May 20th, 2006

Missing Kitchen

The house has never been this tidy.  

Yesterday I took a long-handled thingy and swept away the cobwebs over the sink.  

The scary Thai puppet  with lots of different faces is no longer hanging from the ceiling in the dark alcove above the cellar stairs.  

Ailz scrolls through properties advertised online in Sheerness, Chatham, Gillingham, Herne Bay. She gives me a running commentary- most of which I screen out. Here's one that that's a real snip. "Oh," she adds. "It doesn't seem to have a kitchen..."  

She digs some more. The missing kitchen is in the cellar. Naaah, I think not, but there are still pages and pages to go.

Rye Harbour

Rye Harbour
Rye Harbour
Rye was a famous port in the middle ages. Then the sea retreated (as it does). The present harbour is situated on a bend of the river Rother, about a mile from town and supports (according to one website) "a significant fishing fleet".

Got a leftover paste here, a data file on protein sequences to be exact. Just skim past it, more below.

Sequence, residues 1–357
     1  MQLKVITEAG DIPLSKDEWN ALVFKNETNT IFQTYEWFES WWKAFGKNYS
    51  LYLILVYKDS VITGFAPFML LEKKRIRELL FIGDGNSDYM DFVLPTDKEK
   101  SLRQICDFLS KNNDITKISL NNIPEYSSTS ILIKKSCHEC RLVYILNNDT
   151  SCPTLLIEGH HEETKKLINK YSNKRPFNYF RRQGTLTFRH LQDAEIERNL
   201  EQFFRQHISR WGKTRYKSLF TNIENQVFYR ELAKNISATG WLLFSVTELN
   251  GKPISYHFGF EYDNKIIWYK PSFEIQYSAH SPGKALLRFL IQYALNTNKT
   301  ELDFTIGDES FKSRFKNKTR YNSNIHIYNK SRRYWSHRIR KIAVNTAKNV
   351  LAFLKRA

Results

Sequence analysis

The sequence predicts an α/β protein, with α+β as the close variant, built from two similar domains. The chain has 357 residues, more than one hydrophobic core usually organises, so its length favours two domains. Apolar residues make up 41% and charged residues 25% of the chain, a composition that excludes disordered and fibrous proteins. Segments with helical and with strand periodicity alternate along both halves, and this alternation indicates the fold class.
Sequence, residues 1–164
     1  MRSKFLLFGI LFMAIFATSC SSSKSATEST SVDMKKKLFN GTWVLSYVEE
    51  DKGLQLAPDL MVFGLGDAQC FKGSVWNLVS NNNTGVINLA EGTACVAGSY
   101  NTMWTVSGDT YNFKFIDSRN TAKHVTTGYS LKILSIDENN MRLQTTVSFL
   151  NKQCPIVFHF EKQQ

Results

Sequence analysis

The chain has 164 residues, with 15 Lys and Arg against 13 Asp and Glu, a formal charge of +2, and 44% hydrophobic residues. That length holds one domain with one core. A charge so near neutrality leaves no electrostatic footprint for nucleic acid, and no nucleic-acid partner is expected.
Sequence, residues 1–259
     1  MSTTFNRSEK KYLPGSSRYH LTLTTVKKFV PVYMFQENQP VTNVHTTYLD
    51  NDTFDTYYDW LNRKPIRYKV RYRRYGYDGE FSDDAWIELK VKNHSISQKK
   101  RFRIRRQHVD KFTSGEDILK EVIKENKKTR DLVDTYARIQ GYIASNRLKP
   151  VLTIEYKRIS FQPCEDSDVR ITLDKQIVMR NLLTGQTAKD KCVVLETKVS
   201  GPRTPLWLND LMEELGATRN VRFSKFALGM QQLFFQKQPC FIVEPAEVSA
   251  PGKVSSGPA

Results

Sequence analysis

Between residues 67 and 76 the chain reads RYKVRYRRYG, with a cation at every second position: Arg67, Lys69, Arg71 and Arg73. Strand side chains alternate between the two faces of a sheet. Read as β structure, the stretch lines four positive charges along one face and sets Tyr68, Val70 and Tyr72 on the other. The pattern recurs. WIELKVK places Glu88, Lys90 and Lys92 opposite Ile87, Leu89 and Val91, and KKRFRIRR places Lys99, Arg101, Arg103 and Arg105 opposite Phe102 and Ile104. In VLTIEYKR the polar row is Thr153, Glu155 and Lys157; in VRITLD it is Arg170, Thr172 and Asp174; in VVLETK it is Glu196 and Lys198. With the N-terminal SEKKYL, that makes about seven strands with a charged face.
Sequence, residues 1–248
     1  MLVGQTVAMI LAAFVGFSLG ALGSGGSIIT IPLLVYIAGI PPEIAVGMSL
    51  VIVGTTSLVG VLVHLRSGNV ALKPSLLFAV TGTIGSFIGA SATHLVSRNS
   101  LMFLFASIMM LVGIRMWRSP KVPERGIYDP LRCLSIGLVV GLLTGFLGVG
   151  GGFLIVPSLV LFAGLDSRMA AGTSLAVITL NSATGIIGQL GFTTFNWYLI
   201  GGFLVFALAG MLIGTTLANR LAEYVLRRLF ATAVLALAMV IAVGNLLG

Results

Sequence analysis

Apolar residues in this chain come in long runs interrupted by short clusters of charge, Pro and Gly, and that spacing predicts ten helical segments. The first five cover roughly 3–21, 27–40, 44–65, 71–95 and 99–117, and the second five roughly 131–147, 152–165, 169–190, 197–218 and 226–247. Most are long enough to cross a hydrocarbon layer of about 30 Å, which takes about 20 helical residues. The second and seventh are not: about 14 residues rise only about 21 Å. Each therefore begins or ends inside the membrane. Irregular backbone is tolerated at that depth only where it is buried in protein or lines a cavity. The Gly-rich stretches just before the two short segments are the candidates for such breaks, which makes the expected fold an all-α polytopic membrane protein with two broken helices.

It Isn't Only Suffering That The Old Masters Were Right About

When I'm photographing landscapes I like to expose for the sky. I don't want my clouds all wishy washy. I want them  to dominate the picture.

Which means that my  foregrounds are usually rather dark. 

I was browsing  through my galleries just now and it suddenly hit me  that the Impressionists got it wrong. Nature isn't all red and mauve and green and yellow. In fact She's mostly brown- as in an old master painting. 

Constable, Ruysdael, Poussin are closer  to the appearance of things than Monet or  Van Gogh.

Which isn't at all what the art historians say.